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  • Job Market Signaling through Occupational Licensing ∗

    Peter Q. Blair†

    Harvard and NBER Bobby W. Chung‡

    Clemson and HCEO

    November 15, 2018


    We show that an occupational license serves as a job market signal, similar to ed- ucation in the Spence model. In the presence of occupational licensing, we find ev- idence that firms rely less on observable characteristics such as race and gender in determining employee wages. As a result, licensed minorities and women experience smaller wage gaps than their unlicensed peers. Black men benefit from licenses that signal non-felony status, whereas white women benefit from licenses with a human capital requirement. Certification, a less distortionary alternative to licensing, gen- erates an equivalent wage premium for white men, but lower wage premiums than licensing for women and black men.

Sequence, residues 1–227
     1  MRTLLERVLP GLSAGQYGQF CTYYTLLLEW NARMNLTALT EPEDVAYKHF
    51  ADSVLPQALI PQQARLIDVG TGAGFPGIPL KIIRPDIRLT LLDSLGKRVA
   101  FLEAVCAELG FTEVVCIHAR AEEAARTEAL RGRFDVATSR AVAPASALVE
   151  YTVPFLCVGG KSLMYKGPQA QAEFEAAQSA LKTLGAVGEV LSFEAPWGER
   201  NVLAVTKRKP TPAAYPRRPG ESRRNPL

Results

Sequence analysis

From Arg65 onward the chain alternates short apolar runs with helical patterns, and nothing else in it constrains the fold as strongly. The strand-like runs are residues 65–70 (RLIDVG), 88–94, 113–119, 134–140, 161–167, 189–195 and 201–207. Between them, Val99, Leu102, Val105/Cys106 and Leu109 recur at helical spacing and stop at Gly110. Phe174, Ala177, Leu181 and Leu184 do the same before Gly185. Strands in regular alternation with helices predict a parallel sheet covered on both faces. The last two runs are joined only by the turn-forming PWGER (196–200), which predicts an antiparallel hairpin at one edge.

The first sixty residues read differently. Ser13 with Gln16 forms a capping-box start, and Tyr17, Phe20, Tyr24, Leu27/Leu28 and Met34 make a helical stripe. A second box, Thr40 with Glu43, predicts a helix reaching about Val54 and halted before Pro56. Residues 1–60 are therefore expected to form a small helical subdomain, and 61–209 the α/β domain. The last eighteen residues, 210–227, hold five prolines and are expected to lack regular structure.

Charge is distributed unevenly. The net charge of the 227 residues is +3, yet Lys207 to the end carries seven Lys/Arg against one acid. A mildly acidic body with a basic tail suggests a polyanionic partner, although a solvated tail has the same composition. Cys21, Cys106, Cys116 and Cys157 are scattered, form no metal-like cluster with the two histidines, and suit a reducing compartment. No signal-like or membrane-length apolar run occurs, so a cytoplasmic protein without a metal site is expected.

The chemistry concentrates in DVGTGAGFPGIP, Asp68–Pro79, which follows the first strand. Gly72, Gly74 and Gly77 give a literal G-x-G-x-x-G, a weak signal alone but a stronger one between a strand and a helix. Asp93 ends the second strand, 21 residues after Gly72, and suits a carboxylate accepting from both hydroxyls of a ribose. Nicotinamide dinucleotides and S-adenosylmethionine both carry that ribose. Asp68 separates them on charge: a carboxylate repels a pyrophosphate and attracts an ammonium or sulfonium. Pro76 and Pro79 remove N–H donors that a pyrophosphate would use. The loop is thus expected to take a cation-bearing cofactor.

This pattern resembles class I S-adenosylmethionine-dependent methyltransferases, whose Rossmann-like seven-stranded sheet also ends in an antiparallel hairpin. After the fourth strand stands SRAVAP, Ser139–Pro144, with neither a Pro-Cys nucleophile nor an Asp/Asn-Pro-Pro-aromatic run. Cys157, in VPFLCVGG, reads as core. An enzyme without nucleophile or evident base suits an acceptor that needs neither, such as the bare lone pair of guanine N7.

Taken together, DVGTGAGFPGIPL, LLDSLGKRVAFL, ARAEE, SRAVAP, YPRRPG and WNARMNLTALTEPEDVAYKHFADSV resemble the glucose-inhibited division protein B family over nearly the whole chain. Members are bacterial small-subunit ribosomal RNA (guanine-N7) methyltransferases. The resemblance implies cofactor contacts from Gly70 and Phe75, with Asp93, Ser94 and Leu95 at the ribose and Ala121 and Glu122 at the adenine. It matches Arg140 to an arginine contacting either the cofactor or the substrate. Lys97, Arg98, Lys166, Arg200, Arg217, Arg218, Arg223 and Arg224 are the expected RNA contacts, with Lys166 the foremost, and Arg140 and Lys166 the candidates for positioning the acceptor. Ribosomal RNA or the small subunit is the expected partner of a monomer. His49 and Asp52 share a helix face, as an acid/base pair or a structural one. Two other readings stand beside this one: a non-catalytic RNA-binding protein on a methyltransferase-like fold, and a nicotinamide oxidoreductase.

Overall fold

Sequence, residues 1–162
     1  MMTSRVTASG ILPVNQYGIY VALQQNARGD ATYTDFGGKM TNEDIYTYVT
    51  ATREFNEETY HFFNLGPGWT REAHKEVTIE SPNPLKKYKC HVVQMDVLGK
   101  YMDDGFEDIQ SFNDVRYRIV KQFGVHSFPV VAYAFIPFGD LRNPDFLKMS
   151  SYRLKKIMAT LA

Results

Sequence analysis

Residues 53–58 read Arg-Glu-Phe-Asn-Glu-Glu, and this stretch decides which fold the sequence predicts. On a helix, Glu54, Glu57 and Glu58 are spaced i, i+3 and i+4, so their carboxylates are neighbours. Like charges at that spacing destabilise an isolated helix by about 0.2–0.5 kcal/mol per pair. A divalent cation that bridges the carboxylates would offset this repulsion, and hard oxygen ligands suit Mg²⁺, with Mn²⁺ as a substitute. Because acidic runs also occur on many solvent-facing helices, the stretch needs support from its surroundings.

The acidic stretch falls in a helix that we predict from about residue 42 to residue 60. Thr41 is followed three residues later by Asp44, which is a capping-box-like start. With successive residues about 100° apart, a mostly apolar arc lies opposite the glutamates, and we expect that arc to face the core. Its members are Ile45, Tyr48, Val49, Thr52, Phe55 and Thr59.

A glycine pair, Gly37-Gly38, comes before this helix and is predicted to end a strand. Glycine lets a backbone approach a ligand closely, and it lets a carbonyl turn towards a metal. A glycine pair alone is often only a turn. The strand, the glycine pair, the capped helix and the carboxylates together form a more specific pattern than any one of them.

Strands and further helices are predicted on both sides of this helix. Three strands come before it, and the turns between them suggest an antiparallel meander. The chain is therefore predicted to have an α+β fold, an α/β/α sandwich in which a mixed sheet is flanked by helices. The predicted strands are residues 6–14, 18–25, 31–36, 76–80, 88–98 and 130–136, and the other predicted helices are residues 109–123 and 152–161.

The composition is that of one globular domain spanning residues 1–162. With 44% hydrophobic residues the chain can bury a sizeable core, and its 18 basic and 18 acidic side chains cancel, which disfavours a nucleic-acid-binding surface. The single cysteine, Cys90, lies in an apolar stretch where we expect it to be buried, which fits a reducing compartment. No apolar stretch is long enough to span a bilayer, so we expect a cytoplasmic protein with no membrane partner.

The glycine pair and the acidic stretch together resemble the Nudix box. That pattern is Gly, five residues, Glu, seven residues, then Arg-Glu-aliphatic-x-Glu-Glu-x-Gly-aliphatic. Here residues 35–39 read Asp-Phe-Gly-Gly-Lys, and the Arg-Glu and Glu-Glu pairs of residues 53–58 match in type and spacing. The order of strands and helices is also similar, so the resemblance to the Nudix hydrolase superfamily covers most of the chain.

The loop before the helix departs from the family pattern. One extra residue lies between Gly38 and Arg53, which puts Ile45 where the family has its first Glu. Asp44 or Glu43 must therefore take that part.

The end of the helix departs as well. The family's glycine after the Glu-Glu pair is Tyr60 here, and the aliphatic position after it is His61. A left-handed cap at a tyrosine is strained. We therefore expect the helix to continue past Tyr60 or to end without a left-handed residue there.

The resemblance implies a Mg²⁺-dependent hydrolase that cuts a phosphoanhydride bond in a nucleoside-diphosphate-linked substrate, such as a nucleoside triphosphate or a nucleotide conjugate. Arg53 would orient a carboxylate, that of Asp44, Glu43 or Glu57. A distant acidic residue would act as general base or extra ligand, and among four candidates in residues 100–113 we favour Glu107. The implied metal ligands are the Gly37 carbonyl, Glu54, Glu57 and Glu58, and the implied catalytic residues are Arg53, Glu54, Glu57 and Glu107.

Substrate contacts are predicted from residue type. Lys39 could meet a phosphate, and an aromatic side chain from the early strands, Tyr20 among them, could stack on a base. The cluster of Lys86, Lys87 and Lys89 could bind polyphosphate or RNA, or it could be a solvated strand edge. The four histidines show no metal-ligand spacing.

JEL Classification: D21, D82, D86, J24, J31, J70, K23, K31, L51

    Keywords: Signaling, Screening, Statistical Discrimination, Wage Inequality, Occupa- tional Licensing.